01/03/2011. Contributed by Pauline Morgan
Untamed (House Of Night series book 4) by P.C. and Kristen Cast. pub: Atom/Little Brown. 411 page small enlarged paperback. Price: GBP 5.99 (UK). ISBN: 978-1-905654-56-7.
check out websites: www.atombooks.co.uk, www.littlebrown.co.uk and www.houseofnightseries.co.uk
Many books are labelled as ‘coming of age’ novels. What this means can be fairly nebulous, though most would agree it is about the transition into adulthood. If so, are they books aimed at the young adult to help them through the crisis point of their life, that difficult time when they don’t see the point of parents or school? Perhaps they are worthy tomes, warning the child of the dangers they may face if they fail to heed the warnings of their elders. Who wants to read those? ‘Lord Of The Flies’ by William Golding is often cited as a classic coming of age novel in which youths have to learn to cope with a situation they are totally unprepared for and at which they fail. Those who choose to read the book (and I am well aware that it is often used in schools) may regard it more as an anthropological study and a lesson on the shallowness of the veneer of society. No young adult would read it expecting to learn lessons for their own lives. Often, fantasy quest novels take an unprepared young person from a comfortable childhood and expose them to all kinds of danger along a journey into adulthood. In the early tales of this kind, the obstacles could be seen as allegories for the hidden problems of emerging into adulthood such as the taking of responsibility and leadership. The quest for the magical item would have the same status as in tribal societies of killing the bear or wolf, returning from battle with your first scalp or getting laid for the first time. It is a shame that more recent quest novels have degenerated into pure adventure and often the characters seem unchanged at the end.
In modern times, we have other rites of passage. Youth, though, tries to take the prizes without proper ceremony. The first visit to the pub is replaced by the surreptitious purloining of the vodka bottle from the drinks cabinet, the first driving lesson is preceded by the joy riding experience, the first sex is grabbed behind the bushes in the park rather waiting for societies rituals of consent. Only voting for the first time is left as a rite of passage and many youngsters can’t be bothered with that.
Young adult novels tend to walk the line between the two states of child and adulthood. The readers already entering adolescence want to see how fictional counterparts handle situations they hope to find themselves in, especially regarding the opposite sex, while older readers want a good story and a reminder that maybe they didn’t make quite such a mess of it as they thought at the time. ‘Untamed’ is the fourth novel in the ‘House Of Night’ series where most of the principle characters are undergoing change. The narrator, Zoey Redbird, ended the previous book in this series, ‘Chosen’, believing that she had made every mistake in the book. As a result, she had no friends and definitely no boyfriends. The only creature that still seemed to be on her side was her cat.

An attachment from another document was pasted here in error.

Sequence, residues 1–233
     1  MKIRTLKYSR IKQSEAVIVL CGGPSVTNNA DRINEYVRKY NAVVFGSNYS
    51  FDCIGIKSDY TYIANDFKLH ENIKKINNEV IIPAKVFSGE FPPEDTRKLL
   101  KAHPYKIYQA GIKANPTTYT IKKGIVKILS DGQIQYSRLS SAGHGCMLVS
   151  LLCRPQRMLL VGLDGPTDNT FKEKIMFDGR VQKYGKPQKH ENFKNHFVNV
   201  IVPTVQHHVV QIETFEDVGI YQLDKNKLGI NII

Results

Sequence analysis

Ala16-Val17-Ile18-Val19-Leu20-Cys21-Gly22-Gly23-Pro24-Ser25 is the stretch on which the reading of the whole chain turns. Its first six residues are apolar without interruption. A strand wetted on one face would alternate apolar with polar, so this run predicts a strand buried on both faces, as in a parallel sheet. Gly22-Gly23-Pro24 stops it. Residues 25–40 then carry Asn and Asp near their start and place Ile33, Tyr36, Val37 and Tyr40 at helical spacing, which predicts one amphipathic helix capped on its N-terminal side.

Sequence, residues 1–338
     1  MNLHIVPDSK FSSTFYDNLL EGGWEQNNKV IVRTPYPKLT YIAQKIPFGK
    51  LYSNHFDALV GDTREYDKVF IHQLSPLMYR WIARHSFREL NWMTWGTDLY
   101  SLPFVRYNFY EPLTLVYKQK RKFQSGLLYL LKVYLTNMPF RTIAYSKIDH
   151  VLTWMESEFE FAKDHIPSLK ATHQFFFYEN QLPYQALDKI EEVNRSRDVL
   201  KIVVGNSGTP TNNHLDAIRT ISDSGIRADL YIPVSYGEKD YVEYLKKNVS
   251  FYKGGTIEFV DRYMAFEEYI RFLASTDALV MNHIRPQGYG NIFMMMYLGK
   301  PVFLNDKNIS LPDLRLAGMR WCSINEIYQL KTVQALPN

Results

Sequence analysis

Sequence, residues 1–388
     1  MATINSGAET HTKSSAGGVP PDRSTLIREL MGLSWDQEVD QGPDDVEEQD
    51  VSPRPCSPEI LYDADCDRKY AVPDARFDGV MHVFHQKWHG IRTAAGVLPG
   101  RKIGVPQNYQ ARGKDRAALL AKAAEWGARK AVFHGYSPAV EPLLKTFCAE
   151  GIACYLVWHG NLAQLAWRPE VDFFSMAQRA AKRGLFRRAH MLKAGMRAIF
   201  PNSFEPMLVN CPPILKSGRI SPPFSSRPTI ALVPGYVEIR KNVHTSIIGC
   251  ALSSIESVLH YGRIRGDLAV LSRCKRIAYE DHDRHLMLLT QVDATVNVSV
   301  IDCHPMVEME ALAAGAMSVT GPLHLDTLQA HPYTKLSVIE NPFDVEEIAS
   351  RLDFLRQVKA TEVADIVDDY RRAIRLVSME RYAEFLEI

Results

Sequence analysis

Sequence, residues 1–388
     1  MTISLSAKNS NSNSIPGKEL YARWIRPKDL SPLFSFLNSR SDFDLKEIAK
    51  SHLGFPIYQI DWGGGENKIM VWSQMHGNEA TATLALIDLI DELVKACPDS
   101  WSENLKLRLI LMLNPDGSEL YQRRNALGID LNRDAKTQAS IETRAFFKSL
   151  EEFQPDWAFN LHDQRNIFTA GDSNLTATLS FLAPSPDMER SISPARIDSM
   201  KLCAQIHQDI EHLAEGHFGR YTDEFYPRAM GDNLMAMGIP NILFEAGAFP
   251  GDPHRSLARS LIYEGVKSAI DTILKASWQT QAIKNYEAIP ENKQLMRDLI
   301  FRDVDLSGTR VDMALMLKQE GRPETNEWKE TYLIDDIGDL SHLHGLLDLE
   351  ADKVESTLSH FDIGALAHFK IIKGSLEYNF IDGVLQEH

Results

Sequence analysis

Although sixteen year-old, Zoey begins the book feeling sorry for herself and makes the decision that she has to face her fears and take on the responsibilities that Nyx, goddess of the vampyres, has burdened her with for Zoey is Marked. Her body is not only undergoing the changes that turn her into a woman, it is also changing her into a vampyre. She and her estranged friends are all fledglings as the House of Night, a school for those who will make this second change. Her decision is to face her friends and tell them all the secrets she has been keeping from them, the biggest one of which is that their friend, Stevie Rae, is not dead as they thought, but changed into a different kind of vampyre. Also that Neferet, the High Priestess of the school, has turned away from Nyx and is trying to resurrect a long buried demon.
Everything in these novels revolves around the teen-agers and their attempts to take on the responsibilities of adulthood and put right the mess adults have made. The action takes place over a very short period of time – less than a week in this book. The characters are extremely plausible teenagers but they do tend to spend too much time talking about things rather than getting things done. Perhaps this is a sign of their naivety in hoping things will right themselves if they ignore them. Unfortunately they don’t, they get worse as along with the loss of childhood also goes the loss of innocence.
These books are getting darker in nature and now have a ‘Not Suitable For Younger Readers’ on the back. They are still addictive.
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